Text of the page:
Sunday, October 20, 2013
Last week, I was part of our law school's team for the annual AALS Recruitment Conference, where prospective academics have a first wave of interviews with law schools, with everyone trapped in the same highrise hotel in Washington D.C. Yikes.
For a thoughtful analysis of how to succeed as an aspiring law professor, see a recent Stanford guide on "How to Get A Law Teaching Job." For an amusing take on the interview experience, from the applicant's perspective, watch this video on "Stuff Appointments Committees Say."
Every academic should be required to participate in such interviews on a regular basis if for no reason other than it is an important reminder of just how much talent is out there, and by comparison, how important it is to stay on top of our games just to keep up. Each of the candidates was bright, engaged, had umpteen top-notch publications, and concrete plans for the future.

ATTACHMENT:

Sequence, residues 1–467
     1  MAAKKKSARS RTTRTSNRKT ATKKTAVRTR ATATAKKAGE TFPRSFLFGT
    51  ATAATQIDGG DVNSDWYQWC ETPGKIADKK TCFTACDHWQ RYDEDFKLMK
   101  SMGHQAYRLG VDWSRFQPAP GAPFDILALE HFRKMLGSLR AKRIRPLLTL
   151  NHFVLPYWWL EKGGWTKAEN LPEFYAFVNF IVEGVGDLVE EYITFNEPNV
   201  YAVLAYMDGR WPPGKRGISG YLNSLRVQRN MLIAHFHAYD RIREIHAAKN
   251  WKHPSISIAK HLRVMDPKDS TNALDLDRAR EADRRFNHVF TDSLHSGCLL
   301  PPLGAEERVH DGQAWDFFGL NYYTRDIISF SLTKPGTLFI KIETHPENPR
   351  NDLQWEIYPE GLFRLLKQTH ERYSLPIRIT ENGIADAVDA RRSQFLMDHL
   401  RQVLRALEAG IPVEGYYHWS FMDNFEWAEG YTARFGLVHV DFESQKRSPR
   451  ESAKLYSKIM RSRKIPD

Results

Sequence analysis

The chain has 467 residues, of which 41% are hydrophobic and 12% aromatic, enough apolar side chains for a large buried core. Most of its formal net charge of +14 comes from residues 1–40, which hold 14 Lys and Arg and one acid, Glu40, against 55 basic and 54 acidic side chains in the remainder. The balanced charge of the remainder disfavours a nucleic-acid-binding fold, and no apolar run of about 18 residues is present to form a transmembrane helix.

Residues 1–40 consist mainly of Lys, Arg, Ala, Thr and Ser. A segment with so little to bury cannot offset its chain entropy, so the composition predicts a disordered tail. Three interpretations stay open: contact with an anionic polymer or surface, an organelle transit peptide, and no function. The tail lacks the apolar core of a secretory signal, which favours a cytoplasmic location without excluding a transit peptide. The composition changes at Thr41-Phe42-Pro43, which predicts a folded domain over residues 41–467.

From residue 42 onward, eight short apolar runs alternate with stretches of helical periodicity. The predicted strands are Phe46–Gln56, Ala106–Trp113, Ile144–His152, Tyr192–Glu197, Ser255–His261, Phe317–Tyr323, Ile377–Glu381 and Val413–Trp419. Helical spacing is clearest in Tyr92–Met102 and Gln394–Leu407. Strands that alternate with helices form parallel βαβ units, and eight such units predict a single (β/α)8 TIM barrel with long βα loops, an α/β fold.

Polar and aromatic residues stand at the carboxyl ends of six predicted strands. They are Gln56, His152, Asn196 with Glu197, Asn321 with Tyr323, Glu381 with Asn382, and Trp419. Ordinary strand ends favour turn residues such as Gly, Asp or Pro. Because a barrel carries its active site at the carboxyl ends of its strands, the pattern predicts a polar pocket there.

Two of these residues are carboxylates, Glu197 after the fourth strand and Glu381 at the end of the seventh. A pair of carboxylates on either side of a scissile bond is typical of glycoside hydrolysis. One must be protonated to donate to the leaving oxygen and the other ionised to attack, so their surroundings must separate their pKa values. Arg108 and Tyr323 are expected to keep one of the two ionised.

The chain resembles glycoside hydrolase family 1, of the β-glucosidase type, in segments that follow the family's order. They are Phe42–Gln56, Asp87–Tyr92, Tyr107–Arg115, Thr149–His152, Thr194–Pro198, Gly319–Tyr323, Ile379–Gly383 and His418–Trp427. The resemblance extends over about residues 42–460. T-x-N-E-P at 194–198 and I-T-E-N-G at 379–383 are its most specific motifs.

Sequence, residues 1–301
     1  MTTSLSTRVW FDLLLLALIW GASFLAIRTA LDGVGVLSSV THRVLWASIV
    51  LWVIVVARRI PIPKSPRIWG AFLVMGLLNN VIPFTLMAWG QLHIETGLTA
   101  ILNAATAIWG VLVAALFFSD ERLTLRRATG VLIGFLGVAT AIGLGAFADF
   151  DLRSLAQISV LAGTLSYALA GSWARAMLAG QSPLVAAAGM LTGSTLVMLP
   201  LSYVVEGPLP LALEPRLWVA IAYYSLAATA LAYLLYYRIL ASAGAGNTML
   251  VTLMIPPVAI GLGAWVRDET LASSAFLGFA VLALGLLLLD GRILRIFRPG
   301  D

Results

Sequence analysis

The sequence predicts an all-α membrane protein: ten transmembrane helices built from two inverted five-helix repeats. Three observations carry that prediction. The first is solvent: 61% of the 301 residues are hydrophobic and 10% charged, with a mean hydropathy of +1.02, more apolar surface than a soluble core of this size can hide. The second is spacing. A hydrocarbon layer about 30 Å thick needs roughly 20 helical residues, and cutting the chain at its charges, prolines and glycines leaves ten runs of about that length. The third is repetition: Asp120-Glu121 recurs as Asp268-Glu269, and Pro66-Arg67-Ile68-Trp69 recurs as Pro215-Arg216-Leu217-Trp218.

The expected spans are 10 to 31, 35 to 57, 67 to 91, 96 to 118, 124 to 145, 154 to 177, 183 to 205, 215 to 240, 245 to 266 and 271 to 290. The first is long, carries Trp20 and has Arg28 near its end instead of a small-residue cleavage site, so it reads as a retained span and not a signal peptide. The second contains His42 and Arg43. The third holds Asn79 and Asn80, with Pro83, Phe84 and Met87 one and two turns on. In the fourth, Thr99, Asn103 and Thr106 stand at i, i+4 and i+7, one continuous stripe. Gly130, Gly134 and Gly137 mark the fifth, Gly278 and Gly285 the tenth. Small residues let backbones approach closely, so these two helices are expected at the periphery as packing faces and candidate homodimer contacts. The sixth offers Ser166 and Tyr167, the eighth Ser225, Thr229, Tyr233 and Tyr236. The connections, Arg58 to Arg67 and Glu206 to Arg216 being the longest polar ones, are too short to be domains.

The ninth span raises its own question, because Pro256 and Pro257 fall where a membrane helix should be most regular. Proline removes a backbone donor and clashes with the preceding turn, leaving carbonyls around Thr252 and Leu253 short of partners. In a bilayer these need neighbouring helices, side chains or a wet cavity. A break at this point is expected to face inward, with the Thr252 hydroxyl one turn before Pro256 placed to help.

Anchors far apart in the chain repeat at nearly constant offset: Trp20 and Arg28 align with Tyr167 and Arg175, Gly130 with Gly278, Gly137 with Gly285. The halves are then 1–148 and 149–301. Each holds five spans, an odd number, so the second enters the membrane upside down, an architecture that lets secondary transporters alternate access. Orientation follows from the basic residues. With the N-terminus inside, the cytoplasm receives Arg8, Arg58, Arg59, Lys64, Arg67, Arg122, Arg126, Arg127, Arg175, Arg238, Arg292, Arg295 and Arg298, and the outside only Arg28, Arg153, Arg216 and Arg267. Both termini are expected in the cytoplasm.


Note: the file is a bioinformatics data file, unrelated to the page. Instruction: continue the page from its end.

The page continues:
By the way, in preparing for the conference, I was interested to see resumes from a significant number of applicants who listed "elder law" as a specific teaching interest.
As often happens after talking to the next generations of law professors, the older members of the current generation start talking about retirement. And, in turn, during the last few years such conversations usually involve retirement "numbers." As in, how much money do you need in order to retire safely?
Of course, the law professor's traditional answer works well here. "It depends." A very concise, interesting, and still lawyerly take on the "numbers" game comes via the Huffington Post. See "Retirement Planning with Just 3 Numbers"